Impressions- Customer Service Skills- April 2013

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Impressions- Customer Service Skills- April 2013

  1. 1. Impressions: First & Last
  2. 2. Presented by: Richard Garrity
  3. 3. “Always give people more than what they expect to get….”
  4. 4. In this presentation: This PowerPoint presentation will focus on two key aspects of security and lobby operations. They are: 1. Customer Service Skills 2. Telephone Skills
  5. 5. “Impressions” With specific focus on: Customer Service Skills Etiquette/Public Interaction Public Relations Corporate Branding
  6. 6. The essence of: “Customer Service”
  7. 7. Scope of Definition and Policy: This policy defines the general expectations of Security personnel, as related to Customer Service Skills, Telephone Skills, and other general expected standards and procedures.
  8. 8. Scope of Definition and Policy: Although the primary scope of this training module is to teach and guide corporate security personnel on the core standards of customer service, this presentation is equally useful to all personnel of varying & different fields within
  9. 9. Customer Service Skills are essential in all service industries
  10. 10. Superior customer service skills are the foundation to successful “business solutions”
  11. 11. Customer Service Skills: “Customer Service Skills”. When you hear that phrase, Customer Service skills, some might tend to think that is for retail clerks, or the service rep trying to sell you a pair of sneakers or a phone service. Make no mistake about it, nothing could be more incorrect.
  12. 12. Everything we do, everything we are here for, is tailored and geared toward customer service skills and public relations. It literally defines who we are.
  13. 13. Customer Service Skills: When an employee or a visitor walks into the building lobby, you are usually, if not absolutely, the first person they will encounter. It is that first meeting, that first interaction that will be ingrained in their memory. Visitors do not want to feel intimidated or ignored as well. There has to be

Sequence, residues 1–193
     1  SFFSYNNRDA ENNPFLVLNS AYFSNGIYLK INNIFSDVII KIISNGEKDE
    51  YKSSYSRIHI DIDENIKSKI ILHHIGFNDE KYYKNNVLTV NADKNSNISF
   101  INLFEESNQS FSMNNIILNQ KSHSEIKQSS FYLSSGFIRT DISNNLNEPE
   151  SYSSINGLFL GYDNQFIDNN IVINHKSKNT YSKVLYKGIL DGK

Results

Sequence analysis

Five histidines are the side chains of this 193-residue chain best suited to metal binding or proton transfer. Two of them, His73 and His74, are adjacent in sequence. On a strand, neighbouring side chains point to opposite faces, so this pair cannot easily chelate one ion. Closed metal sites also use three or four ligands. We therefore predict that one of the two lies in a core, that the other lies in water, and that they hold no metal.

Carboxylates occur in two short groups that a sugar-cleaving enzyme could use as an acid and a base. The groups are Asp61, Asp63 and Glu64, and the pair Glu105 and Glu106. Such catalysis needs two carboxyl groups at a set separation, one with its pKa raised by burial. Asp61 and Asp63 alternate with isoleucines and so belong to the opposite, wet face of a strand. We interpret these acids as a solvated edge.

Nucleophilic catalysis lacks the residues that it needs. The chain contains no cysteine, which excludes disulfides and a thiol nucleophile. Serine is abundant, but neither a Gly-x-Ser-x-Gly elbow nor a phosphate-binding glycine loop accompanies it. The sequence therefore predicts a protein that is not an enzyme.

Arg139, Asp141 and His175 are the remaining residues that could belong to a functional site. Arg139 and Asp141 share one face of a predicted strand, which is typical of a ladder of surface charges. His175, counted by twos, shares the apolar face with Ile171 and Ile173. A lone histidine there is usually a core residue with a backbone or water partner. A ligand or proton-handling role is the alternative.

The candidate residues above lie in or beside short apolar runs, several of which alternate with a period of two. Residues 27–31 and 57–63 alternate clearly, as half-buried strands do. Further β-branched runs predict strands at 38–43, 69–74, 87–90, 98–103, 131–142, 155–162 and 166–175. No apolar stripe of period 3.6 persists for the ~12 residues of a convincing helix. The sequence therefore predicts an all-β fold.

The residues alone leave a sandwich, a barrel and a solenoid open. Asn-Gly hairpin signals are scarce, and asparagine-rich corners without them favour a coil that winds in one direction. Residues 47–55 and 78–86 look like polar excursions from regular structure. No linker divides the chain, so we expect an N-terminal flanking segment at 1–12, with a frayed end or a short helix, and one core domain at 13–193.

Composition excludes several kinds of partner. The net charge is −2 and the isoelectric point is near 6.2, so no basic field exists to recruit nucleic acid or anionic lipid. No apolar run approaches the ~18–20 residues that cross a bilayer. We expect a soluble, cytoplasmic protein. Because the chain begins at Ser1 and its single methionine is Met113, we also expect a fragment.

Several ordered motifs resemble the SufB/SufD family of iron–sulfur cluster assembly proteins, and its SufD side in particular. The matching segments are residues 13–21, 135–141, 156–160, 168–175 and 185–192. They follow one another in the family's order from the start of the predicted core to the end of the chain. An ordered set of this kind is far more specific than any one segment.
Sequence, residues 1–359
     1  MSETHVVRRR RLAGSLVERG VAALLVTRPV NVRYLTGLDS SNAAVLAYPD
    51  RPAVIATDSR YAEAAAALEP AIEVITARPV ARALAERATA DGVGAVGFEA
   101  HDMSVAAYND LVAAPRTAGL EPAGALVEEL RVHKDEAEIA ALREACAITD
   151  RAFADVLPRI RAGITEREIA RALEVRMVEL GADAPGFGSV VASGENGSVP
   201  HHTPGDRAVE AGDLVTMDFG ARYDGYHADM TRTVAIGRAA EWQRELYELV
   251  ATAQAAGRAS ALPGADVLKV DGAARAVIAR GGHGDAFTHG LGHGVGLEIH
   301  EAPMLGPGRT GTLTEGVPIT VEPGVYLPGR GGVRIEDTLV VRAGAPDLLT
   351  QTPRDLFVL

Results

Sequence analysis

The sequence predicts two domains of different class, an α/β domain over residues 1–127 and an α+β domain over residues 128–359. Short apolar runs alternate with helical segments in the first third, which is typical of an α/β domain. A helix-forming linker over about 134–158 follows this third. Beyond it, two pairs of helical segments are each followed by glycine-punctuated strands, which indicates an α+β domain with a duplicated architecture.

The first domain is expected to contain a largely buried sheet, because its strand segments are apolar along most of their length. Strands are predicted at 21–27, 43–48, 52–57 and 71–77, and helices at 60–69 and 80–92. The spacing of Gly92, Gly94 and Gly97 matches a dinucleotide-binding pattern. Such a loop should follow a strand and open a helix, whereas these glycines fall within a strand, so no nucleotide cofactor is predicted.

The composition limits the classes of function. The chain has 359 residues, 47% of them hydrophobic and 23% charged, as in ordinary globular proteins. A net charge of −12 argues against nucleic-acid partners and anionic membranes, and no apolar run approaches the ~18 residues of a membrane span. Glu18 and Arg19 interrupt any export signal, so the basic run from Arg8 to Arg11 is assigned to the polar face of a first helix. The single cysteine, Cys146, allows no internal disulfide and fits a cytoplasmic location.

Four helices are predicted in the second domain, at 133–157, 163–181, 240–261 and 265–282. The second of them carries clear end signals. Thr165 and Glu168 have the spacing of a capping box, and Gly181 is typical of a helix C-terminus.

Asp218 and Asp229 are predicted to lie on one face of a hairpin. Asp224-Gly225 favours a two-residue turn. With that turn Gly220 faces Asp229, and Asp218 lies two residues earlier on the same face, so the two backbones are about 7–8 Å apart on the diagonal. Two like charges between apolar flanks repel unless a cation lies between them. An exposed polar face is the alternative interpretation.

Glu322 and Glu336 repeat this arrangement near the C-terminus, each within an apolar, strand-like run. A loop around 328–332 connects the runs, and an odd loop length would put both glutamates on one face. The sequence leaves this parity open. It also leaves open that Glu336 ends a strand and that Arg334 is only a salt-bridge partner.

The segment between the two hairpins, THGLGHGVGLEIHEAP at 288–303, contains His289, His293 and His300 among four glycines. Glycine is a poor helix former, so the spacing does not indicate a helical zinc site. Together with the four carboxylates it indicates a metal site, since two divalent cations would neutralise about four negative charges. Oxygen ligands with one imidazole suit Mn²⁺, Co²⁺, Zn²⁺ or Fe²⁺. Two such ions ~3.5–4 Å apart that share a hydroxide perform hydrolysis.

14. 14. It has been a slow process over the last 20 years to integrate traditional private security enforcement / public safety with customer service skills and finesse. Trying to balance firm enforcement of the rules to all while at the same time projecting a professional, friendly demeanor has been a task that the corporate security industry seems to have achieved.
  15. 15. Traditional law enforcement has undergone a similar transformation in the form of “community policing”.
  16. 16. “Keys to success”
  17. 17. “First Impressions” are not influential corporate hype, it is fact. The employee or visitor should have a feeling and comfort that you are projecting an image that you want to assist and direct them. The visitor or tenant should not have a feeling that they are bothering you when they approach you or any other security representative at any given post. Remember, First Impressions are a critical and key component of your Keys of Success.
  18. 18. There are many aspects to Customer Service Skills in the corporate office environment. They are, and not limited to, the following: • Telephone Etiquette • Presentation and Delivery • Dispute/ Problem Resolution • Access Denial • Physical Appearance
  19. 19. • Eye Contact / Verbal Departure • Maintaining good stature and composure • Speaking with style, confidence, finesse and knowledge • Patience, Patience, Patience